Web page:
YOUNG: Right.

HOBSON: ...Looking at in this report.

YOUNG: We are going to continue, of course, on NPR to digest all of this. Our coverage of the release of the Mueller report continues throughout the day on NPR News. For now, I'm Robin Young.

HOBSON: I'm Jeremy Hobson. This is Special Coverage of the Mueller report from NPR News.



This is Special Coverage of the Mueller report from HERE & NOW and NPR News. I'm Jeremy Hobson.


I'm Robin Young. The Mueller report is out. It says the special counsel's investigation found no criminal conspiracy between the Trump campaign and Russians interfering with the 2016 election. The report also says the Mueller team could not rule out obstruction of justice by President Trump or firmly establish it.

HOBSON: The report describes Trump as fearful for his presidency because of the investigation. But today, the president is celebrating its findings. He tweeted, no collusion, no obstruction. Meanwhile, House Speaker Nancy Pelosi and other Democrats are demanding that special counsel Robert Mueller testify before Congress. NPR's political team continues to dig into the report. We're going to hear from that team and get historical perspective as well.

YOUNG: It's all coming up on Special Coverage of the Mueller report from NPR News.


HOBSON: This is Special Coverage of the Mueller report from HERE & NOW and NPR News. I'm Jeremy Hobson.

YOUNG: I'm Robin Young. Special counsel Robert Mueller's report is out nearly two years after he was appointed to look into Russian interference in the 2016 election and then began looking into possible Trump campaign connections to that. Many of you may be about - oh, what? - three hours into your reading of this 440-or-so-page report. President Trump is celebrating what he said was the conclusion - no collusion, no obstruction. But the report has 100 pages of contacts between his associates and Russians. And Mueller did not conclude no obstruction or that there was obstruction.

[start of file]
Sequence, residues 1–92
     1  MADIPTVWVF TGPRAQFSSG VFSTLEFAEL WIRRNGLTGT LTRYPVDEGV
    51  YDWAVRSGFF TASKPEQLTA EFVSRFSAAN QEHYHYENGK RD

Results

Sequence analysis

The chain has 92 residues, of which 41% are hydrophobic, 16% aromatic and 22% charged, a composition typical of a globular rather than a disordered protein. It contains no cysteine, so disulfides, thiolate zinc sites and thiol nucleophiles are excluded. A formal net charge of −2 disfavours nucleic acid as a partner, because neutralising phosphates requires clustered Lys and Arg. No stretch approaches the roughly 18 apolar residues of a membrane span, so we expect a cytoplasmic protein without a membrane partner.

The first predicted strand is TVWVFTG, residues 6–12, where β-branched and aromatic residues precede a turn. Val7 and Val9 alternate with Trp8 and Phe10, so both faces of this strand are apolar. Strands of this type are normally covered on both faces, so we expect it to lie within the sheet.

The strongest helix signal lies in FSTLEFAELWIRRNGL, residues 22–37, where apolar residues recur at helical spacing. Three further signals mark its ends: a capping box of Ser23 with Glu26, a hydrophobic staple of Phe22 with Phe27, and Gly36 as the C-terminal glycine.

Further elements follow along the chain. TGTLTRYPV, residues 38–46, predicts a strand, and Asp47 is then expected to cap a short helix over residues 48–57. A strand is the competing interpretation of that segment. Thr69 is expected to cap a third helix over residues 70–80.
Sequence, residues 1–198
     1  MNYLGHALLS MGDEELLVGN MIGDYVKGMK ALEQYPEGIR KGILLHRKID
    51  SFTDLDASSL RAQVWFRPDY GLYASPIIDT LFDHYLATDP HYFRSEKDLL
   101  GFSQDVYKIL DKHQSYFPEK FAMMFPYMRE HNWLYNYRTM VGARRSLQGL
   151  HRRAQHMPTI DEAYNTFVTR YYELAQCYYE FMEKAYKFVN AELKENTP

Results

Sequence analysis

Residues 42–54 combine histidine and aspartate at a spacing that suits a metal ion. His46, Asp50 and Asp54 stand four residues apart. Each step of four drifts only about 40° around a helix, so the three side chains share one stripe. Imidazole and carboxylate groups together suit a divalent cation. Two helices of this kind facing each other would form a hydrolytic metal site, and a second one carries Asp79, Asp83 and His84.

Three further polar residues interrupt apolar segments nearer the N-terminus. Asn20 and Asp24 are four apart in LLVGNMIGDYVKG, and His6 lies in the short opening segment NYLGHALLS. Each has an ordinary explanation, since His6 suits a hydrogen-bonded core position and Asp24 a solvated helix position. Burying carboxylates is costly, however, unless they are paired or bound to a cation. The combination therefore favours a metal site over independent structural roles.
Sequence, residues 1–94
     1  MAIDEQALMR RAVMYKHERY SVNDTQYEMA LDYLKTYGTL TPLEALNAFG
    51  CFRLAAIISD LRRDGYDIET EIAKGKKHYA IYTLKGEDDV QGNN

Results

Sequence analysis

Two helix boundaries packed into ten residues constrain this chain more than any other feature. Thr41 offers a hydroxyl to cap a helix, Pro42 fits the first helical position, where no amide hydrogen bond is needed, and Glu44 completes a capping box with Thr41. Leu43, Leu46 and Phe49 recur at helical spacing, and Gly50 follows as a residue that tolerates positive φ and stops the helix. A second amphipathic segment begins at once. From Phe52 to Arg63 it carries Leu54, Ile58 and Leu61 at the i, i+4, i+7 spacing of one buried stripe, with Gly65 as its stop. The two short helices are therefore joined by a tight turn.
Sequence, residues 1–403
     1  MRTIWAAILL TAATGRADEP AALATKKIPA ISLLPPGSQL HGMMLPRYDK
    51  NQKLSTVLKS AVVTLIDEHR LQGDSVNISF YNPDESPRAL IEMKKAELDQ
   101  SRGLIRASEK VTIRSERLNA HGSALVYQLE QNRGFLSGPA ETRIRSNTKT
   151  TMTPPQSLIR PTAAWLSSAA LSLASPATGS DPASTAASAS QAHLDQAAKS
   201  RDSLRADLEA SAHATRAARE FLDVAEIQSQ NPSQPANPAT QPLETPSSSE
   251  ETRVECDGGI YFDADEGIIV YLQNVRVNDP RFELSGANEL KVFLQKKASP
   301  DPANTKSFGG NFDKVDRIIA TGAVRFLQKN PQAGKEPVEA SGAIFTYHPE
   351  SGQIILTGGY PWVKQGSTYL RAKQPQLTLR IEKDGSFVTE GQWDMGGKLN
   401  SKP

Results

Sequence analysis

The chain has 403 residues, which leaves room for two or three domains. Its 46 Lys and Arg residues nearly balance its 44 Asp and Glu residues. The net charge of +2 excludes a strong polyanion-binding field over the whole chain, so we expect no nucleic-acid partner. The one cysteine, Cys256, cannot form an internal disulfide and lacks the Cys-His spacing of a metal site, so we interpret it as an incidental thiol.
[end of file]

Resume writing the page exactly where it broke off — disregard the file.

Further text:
NPR justice correspondent Carrie Johnson joins us now. And Carrie, I know you've been poring through this. Just elaborate there for people maybe who are just tuning in. What does the report say about the president obstructing the investigation into his campaign's connections with Russia?

LUCAS: The special counsel investigation examined numerous episodes in which President Trump may have attempted to obstruct justice - not just the firing of FBI director Jim Comey, but his constant berating of former Attorney General Jeff Sessions, his attempts to fire the special counsel Robert Mueller himself, and the president's mistreatment of his former White House counsel, Don McGahn, for refusing to follow orders like trying to get Sessions and Mueller bounced from this investigation.